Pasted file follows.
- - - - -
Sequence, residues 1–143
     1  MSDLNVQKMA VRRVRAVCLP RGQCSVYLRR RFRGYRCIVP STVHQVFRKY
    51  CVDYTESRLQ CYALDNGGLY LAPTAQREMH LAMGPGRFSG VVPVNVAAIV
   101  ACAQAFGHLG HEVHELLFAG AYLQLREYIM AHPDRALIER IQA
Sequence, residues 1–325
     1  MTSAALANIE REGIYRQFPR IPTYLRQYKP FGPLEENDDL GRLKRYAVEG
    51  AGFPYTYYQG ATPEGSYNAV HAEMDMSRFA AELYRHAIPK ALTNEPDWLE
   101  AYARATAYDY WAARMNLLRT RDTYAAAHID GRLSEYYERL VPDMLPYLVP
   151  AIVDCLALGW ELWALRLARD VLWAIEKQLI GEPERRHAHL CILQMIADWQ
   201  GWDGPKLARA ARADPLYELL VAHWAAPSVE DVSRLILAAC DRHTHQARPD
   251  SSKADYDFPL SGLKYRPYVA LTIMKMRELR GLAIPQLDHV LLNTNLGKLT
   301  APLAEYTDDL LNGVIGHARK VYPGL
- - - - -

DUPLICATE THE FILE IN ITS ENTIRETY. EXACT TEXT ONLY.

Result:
Sequence, residues 1–143
     1  MSDLNVQKMA VRRVRAVCLP RGQCSVYLRR RFRGYRCIVP STVHQVFRKY
    51  CVDYTESRLQ CYALDNGGLY LAPTAQREMH LAMGPGRFSG VVPVNVAAIV
   101  ACAQAFGHLG HEVHELLFAG AYLQLREYIM AHPDRALIER IQA
Sequence, residues 1–325
     1  MTSAALANIE REGIYRQFPR IPTYLRQYKP FGPLEENDDL GRLKRYAVEG
    51  AGFPYTYYQG ATPEGSYNAV HAEMDMSRFA AELYRHAIPK ALTNEPDWLE
   101  AYARATAYDY WAARMNLLRT RDTYAAAHID GRLSEYYERL VPDMLPYLVP
   151  AIVDCLALGW ELWALRLARD VLWAIEKQLI GEPERRHAHL CILQMIADWQ
   201  GWDGPKLARA ARADPLYELL VAHWAAPSVE DVSRLILAAC DRHTHQARPD
   251  SSKADYDFPL SGLKYRPYVA LTIMKMRELR GLAIPQLDHV LLNTNLGKLT
   301  APLAEYTDDL LNGVIGHARK VYPGL